Of the many things I enjoy about my new urban environment is the idea that I can walk to places I want to go to. Like tonight, a solitary Friday night when I’m tired and tempted to just vegetate in front of one of many different electronic display screens: somehow I managed the will to walk two blocks to a marvelous sidewalk café that serves a flight of three great wines for $15 not to mention a great salad and mini pizza that is, as the cliché goes, to die for. I’m glad that I don’t have to make a living from my writing because a sentence like that can earn you a smack in the chops from any sane editor in the world.
I also love the idea that I can blend into the environment, become a fly on the wall (or the next table) and listen to the fascinating yet mundane conversation of the large extended family that was musing about new babies and imminent babies and babies that have grown up to be drunken stockbrokers or lawyers or some damn thing. I love that a drunk or high or senile beggar woman has the nerve to lean over the fancy planter and ask for spare change and I love that God has provided me with both the resources and heart to give her that and a little more, even though I’m sure that she’ll probably just use it to dull whatever pain she has. If I can give a little comfort in the form of a dollar then let me do so.
And I also love the idea that I can sit by myself in a sidewalk café and drink a glass or three of wine and read a book about spirituality and relationality and not be thought of as weird. Or at least not be identified as such by anyone out loud.
But said book got me to thinking deep thoughts, a dangerous thing for me, though it seems to happen far too seldom these days. I am wondering about what the word sacred means. The authors of the book identify it as the object of spirituality from the human perspective. They are Christian in their worldview but take some pains to make their musings and analysis encompass larger thoughts so it should not surprise anyone when they define the word sacred as something or someone transcendent or holy or extraordinary (all words that demand their own musings and definitions) but, perhaps most important, that which we cannot abide to have desecrated.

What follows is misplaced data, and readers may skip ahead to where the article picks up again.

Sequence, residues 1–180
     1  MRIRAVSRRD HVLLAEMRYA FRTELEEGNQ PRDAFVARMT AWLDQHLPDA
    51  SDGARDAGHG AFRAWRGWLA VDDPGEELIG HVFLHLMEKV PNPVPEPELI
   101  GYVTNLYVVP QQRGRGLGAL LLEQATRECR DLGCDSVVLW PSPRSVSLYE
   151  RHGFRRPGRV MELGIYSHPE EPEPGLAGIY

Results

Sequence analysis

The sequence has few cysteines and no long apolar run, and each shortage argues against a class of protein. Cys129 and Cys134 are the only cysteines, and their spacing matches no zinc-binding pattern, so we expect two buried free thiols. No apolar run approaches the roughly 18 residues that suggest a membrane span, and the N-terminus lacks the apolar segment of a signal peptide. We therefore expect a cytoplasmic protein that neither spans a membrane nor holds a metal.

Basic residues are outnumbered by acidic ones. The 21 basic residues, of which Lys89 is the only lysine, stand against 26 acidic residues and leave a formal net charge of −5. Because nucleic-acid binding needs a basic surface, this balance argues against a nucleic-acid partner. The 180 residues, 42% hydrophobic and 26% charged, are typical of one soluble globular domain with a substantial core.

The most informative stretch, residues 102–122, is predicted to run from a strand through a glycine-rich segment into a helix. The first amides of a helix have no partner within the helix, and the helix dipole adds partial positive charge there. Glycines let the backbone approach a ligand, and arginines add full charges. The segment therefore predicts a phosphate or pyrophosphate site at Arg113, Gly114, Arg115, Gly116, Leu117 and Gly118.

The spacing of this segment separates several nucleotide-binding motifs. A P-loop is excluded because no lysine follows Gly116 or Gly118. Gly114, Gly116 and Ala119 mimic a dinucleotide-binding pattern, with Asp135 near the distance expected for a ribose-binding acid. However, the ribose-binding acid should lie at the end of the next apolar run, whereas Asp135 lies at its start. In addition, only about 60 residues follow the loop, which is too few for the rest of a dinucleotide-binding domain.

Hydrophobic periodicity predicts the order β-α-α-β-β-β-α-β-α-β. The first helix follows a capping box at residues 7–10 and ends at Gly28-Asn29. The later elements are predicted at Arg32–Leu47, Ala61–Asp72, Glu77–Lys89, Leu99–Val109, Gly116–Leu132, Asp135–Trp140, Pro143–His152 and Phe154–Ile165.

So this got me to thinking about what I hold to be sacred. Not to be all postmodern and relative but it seems to me that that which one holds sacred is a very personal and individual thing. Sure, in a community we can agree on sacred things in common but we have to acquiesce to those agreements as individuals or they have no power for us.
And, I’m sure, that there are varying degrees of sacred or perhaps varying types. I know that there are objects, physical objects, that I hold sacred but I would not give my life to prevent their desecration. At the other end of the spectrum, there are ideals that I hold sacred for which I would give my life (thankfully that has never been tested). It just seems to me worth considering in this post what some of those sacred thing might be:
Of course there is the Trinitarian God. I acknowledge my Creator, my Sustainer and my Savior as holy and transcendent and certainly extraordinary.
I hold the practice of the Eucharist sacred. It never fails to touch me as an experience with infinitely more meaning than the apparent.
But there are more earthly things that I hold sacred as well. I hold my country’s ideals as sacred: “We hold these truths to be self-evident…” and “We the people…” and “I have a dream…” and “Ask not what your country can do for you…” I believe these things and they hold a place of special, extraordinary honor in my heart.
And there are physical things that I hold sacred too. If there was a fire in my home and all living things were safe and I could grab only one possession it would be the glass jar in which I keep a few special treasures: a lock of Pam’s hair, a dried rose from my mother’s funeral, the rock I picked up off the peak of Holy Cross mountain in Colorado and the silver dollar my parents gave each of us when they finally paid off their mortgage.
What occurs to me is that each of these things, these objects of sacredness, is some part of what defines me. Apart from these objects of sacredness I am something less if I am anything at all. Anyway, those are the thoughts of an amateur philosopher on a cool summer night in the city. May you be touched by someone or something you hold sacred this night as well.